I never knew how much I would regret not camping on a weekend jaunt to Yosemite. I’m reminded of it every second of the day as I feel the burning and itching sensation up and down my arms and other parts where the sun don’t shine.
I was attacked by bed bugs at the sprawling Yosemite Lodge, tiny hitchhiking demons the hotel saw the day I checked out. Combine them with the hordes of mosquitoes on the upper Yosemite Falls hiking trail, and you’ve got scads of unsightly scabby blotches that put Chicken Pox to shame. It’s so embarrassing, I should be exiled to a bed bug colony.
“We did locate a couple of the bugs in the headboard of your bed,” explained Anna, the sweet desk clerk who aided me when I begged her to fetch me Benadryl from the nearby clinic, explaining I was crazy allergic. I had come to the mountains to hike and roast marshmallows with my daughter’s school. I did not come to be food.
I never thought good old Yosemite would shelter pests imported by guests from New York or Europe. Recently, the bugs have been detected not just in hotel beds but also at department stores, and it has been suggested a decreased use of pesticides is causing the return. It’s a huge price to pay for trying to go poison free. Although there are some viable eco-friendly solutions if you find them in your own home.
The lodge, which is no Ahwahnee, seemed unaware of the bed bug problem when I called after noticing the bites. We are told infestation is not related to fleabags, but upon checking in, I did notice my room had a filmy layer of residue, the bedding was cheap and greasy (old spreads are magnets for germs) and I asked that they remove a stained chair which had a wet ring on the cushion. A hotel handyman with an uncanny resemblance to a dark haired billy goat plunged his face into the stained chair seat to sniff it, much to our amazement. “Nope, this doesn’t smell like urine,” he assured us.
As far as what was eating me, I had a few clues. The Bay Area isn’t listed on the top 15 US cities infested with bed bugs, but I know the critters hitch rides from one destination to the other, basically fiendish hobos that cling to luggage and clothing. For that reason, hotel guests have been warned by the experts not to unpack clothing or put anything out on the beds and to vacuum our bags and wash our stuff in hot water the moment we arrive home.
“Has anyone complained about bed bugs?” I asked the lodge, informed by the parade of recent articles on the resurfacing of the age old pests in hotels – including four star lodgings. I had heard you should never put your suitcase down on a bed, which I didn’t, and perhaps tote your own bed linens, which I didn’t. They said they didn’t know of a problem but a security person could drive me to their clinic for treatment. That is when it sunk in: I should be in the tent. Safe. Protected. Earthy.
Camping has always proven a good way to go at Yosemite, since it is cheaper than hotels ($60 for a few nights versus $200 a night at the Lodge) and you get to use your own sleeping bag, pillows, towels and air mattresses. Your canvas is sealed at night so no unidentified flying objects can invade. The biggest challenge is ensuring all of your food is out of your car and tent and has been bear proofed in a lock box.
Why didn’t I join my husband in the tent? Like many other national park visitors, I opted for the comforts of my own bathroom and shower and the convenience of a dining hall across the road. I opted for driving for six hours in traffic rather than taking a bus, opted for the droning sound of the idiot box to lull me to sleep rather than the subtle calls of the wild under the stars. I owe apologies to John Muir who would have recommended the camping route, and to Roderick Nash, my wilderness instructor at UCSB, who would be appalled by this story.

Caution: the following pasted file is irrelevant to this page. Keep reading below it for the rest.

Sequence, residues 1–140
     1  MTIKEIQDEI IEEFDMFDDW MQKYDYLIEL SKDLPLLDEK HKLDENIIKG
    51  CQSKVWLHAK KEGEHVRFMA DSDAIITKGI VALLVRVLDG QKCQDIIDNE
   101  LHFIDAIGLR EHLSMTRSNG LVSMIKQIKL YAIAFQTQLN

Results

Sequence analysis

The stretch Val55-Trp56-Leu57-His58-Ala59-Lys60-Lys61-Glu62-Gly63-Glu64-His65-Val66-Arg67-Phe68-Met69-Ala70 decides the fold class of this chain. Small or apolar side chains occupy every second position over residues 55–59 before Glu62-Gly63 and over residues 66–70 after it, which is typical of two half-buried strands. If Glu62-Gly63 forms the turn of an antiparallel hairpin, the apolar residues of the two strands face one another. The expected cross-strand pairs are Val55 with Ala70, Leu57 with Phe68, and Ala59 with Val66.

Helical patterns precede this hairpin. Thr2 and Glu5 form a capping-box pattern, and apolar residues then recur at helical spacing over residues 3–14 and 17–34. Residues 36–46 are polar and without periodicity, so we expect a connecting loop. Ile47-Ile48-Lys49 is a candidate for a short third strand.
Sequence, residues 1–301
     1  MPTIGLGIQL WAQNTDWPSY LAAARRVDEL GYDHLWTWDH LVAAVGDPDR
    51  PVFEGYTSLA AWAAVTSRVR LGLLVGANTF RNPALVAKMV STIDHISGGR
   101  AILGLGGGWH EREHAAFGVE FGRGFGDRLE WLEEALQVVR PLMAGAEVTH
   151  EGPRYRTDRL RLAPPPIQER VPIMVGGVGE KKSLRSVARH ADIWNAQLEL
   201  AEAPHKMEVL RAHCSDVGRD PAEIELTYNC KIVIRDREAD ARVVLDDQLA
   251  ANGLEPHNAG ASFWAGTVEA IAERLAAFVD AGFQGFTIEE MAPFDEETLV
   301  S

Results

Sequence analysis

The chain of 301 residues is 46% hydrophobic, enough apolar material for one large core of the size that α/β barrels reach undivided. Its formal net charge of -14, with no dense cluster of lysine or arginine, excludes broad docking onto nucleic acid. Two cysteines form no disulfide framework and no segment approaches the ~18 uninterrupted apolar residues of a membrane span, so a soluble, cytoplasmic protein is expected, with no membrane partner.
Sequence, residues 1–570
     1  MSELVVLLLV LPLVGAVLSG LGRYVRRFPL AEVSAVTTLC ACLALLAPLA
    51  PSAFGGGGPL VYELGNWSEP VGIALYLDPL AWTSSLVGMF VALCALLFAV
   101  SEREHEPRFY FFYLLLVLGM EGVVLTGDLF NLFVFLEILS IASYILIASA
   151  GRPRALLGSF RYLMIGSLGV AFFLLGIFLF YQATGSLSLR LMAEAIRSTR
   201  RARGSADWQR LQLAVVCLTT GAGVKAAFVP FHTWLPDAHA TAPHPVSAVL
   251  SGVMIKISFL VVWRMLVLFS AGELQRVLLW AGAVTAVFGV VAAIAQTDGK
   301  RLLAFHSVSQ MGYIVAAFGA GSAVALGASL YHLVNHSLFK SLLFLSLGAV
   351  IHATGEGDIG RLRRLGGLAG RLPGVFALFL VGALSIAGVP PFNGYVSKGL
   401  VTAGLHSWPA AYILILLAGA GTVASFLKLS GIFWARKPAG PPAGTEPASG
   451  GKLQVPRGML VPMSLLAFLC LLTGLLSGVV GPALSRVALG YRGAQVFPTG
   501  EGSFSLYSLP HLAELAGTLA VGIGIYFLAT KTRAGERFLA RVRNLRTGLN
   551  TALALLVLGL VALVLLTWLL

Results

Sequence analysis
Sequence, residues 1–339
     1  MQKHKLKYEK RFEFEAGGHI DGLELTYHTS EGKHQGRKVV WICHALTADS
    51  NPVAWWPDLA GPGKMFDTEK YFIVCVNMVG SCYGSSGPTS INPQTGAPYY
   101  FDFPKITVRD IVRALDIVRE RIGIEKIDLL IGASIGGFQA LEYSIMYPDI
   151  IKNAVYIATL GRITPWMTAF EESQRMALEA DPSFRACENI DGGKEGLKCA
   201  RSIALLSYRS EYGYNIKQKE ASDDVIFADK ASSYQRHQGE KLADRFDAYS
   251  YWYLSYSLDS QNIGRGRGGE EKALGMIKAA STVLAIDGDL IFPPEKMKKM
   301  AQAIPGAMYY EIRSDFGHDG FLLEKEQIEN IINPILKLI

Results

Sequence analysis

My dermatologist, Dr. Megin Scully, shot me in the tush with a steroid and dabbed nuclear strength cortisone ointment on my sores, saying it should be better by the next day. I went home and sucked down more Benadryl, soaked some more, and reapplied the ointment. This is my new routine. Have coffee, pack lunches for the kids, take meds, rub on ointment, and so on.
“You should try rubbing Vicks VapoRub on the bumps, that is what we Asians do,” I was told by a Filipino pest control guy back home in San Francisco, when I called to arrange a visit to make sure my home was bed bug free. He said Vicks clears up the problem right away. “We don’t call the doctor like you do, in America,” he said, laughing. Did I hear a smirk?
I asked my husband to run down to Walgreens and pick me up some of that Vicks. It did soothe the itching and perhaps will clear the swelling and redness in a few days. I have my bumpy fingers crossed.
Meantime, I reek of Vicks and am feeling awfully sorry for myself. And like any victim of a health crisis, I keep asking, why me? Why me, with the broken middle finger from boogie boarding that now also features a big red bite that I cut open while driving? If there is a god, why did he make bed bugs and mosquitoes, and why do they choose me? Sound familiar?
The answer lies somewhere in the deep unknown, a mystery as difficult to solve as reaching the top of precarious Half Dome. I now realize that opting for a hotel visited by the masses is a slippery slope that should be avoided by those not fully armed with their own bedding, insect repellent, a mosquito net, and a canister of Terminix.
I think you will agree, it all makes pitching and taking down a tent seem effortless and putting up with dirty hair an acceptable flaw when doing the nature thing for a few days. Maybe the bed bugs are trying to tell me something. “You’ve got to get yourself back to the garden,” they’re singing, sounding a lot like Joni Mitchell. Hey, shut up, stop bugging me. The Vicks girl gets the picture.